Your academic experience was non-traditional, having leapt directly into Warren Wilson’s low-residency MFA program rather than an undergraduate degree. Do you champion even more non-traditional pathways to literary success, possibly outside of academia?
In the sense of academic experience I guess it was non-traditional, but if we pan out to the bigger picture of education, rather than just education in the academy, we can see that my route is actually pretty old-fashioned. I learned through self-study and mentorship just like most poets did before the very recent development of the creative writing workshop. I think the notion of learning poetry writing primarily inside the academy is somewhat non-traditional. Once upon a time, if you wanted to be a poet, you read a lot and followed the poet you revered around and begged them to mentor you. The first creative writing program was started in 1936—and remember, it didn’t spring up alongside several hundred other programs. America has to be the only place that thinks of a system created less than 90 years ago as being “traditional,” while the mode that predates said system by thousands of years is considered innovative. I hear professors complain about the workshop model all the time as if it’s this 2,000 year old, tried and trued system that we’re just stuck with. The thing hasn’t been around as long as network television and we’re already one generation or so from people having no clue what a TV network used to do. Yet we talk about the workshop model like it’s the sphinx or the Great Wall.
Sorry, been waiting for an excuse to bring that up in an interview. So, yeah, I do champion paths outside of the academy. But not because I’m on that generic “the academy is evil” bandwagon. I think the academy is vital to contemporary poetry right now for a few reasons, the most basic of which being that it puts food on certain tables and enables thousands to hear poetry readings for free. I also think workshops can be crazy useful at certain stages of a writing life. The most dangerous thing about the academy is probably that people think it’s the only route, which is absurd when you consider the range of personalities one finds at a lit conference. There’s no way all these people are supposed to have the same path and the same job description.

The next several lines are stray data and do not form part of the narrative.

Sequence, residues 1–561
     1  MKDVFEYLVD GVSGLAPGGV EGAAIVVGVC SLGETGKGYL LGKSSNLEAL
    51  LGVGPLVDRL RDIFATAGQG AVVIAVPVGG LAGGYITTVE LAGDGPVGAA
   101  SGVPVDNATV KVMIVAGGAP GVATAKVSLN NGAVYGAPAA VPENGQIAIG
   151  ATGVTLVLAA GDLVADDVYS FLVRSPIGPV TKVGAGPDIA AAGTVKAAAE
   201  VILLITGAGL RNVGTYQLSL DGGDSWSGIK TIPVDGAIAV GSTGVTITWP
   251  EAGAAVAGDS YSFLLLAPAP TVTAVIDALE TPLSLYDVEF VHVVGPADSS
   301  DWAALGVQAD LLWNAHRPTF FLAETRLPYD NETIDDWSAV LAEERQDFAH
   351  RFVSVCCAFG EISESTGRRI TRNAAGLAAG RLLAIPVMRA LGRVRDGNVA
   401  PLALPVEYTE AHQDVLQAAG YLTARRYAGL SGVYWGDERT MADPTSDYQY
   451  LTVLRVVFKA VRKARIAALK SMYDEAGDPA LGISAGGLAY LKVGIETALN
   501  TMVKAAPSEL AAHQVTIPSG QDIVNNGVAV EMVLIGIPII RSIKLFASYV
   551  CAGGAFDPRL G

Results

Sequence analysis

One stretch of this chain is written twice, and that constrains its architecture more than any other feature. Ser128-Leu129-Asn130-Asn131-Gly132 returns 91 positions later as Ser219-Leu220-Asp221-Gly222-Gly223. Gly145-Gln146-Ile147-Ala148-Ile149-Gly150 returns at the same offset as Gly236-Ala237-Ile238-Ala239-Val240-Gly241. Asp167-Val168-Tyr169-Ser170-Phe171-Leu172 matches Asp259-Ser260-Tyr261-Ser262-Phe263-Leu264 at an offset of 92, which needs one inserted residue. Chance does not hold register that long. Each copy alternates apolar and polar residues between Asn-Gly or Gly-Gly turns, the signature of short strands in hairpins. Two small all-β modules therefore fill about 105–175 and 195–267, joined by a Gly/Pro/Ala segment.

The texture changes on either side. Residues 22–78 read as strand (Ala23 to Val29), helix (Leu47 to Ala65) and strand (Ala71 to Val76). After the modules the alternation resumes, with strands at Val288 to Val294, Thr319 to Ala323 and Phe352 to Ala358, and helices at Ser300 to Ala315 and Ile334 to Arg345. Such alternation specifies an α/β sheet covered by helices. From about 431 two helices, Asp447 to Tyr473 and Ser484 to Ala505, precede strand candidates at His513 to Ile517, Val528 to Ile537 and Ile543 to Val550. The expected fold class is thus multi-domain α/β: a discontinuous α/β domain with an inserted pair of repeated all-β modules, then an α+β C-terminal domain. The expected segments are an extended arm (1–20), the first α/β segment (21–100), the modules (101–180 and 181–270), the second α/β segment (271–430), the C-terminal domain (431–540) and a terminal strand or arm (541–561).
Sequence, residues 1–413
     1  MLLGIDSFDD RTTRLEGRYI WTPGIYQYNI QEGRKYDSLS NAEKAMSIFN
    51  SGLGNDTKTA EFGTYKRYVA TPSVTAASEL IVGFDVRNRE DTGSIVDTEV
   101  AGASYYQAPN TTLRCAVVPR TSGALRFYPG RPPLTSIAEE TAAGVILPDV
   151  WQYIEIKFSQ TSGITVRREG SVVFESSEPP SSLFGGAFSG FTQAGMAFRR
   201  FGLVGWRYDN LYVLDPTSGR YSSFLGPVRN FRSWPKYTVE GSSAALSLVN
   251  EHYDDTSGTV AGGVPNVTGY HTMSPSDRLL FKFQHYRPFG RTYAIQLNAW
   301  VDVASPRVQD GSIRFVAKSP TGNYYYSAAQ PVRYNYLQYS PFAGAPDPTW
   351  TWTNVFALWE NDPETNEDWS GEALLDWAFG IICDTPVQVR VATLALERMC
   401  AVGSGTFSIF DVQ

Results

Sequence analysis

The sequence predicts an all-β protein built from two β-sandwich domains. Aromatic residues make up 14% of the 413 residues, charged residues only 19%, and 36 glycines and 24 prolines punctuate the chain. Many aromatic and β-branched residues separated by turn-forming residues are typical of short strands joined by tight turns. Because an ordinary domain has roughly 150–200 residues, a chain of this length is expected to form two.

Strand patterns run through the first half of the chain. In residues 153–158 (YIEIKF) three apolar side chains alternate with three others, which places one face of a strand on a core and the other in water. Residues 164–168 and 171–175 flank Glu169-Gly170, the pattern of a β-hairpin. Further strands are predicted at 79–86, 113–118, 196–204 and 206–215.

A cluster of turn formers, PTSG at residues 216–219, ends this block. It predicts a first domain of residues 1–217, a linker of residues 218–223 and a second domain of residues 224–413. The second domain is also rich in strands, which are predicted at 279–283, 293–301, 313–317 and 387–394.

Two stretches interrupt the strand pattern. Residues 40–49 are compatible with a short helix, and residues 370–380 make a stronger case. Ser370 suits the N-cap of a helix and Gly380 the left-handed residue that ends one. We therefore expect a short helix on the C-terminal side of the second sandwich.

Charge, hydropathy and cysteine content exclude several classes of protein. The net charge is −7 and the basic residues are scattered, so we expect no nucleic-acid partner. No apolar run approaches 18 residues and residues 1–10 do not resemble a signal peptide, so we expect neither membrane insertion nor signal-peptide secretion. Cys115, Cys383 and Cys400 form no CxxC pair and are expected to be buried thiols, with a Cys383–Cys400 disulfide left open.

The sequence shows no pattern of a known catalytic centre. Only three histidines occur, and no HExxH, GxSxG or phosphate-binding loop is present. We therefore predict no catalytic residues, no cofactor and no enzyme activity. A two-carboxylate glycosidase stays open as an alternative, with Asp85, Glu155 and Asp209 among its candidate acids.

Then there’s just the practical job issues. There are too many poets graduating for everyone to work in the academy, so much of that is working itself out right now on its own. More and more people are wondering why they adjunct for schools with awful labor practices when they could bartend and get more work done, make more money, and have something more interesting to write about. It’s more important than ever for people to figure out if teaching is something they want to do, or something they’ve assumed they have to do to be a writer. Being a teacher is not for everyone and if we had less writers out there doing it because it seems to be the correct path, there would be more jobs for the people who live for being in front of a class.
Your second manuscript, The Big Book of Exit Strategies, has not yet been published. If you were to liken Hum to an artist’s debut album and The Big Book to his/her sophomore effort, who would you choose and why?
I’m going to go with Outkast on this one. I thought about Portishead and A Tribe Called Quest and Fiona Apple, but there’s something about the way Outkast seemed to transform sounds and go to this new place on Atliens while still maintaining the core of what made Southernplaylisticadalacfunkymusic a classic. I think the new manuscript is in conversation with the first while approaching new concerns and moving language around in ways that feel different for me. The poems are more intimate and mostly shorter than the average poem in Hum. I want to pull off that same impossible trick Outkast did, the sophomore that shows growth and doesn’t supplant the debut. Instead it complements it with its difference as much as its similarities.
Anna Claire Hodge is a PhD student at Florida State University and a recipient of a Tennessee Williams Scholarship to the Sewanee Writers’ Conference. Her work has appeared in The Journal, Hayden’s Ferry Review, The Collagist, Willow Springs, Copper Nickel, MiPoesias and others. Her poems have been anthologized in It Was Written: Poems Inspired By Hip-Hop and Best New Poets 2013.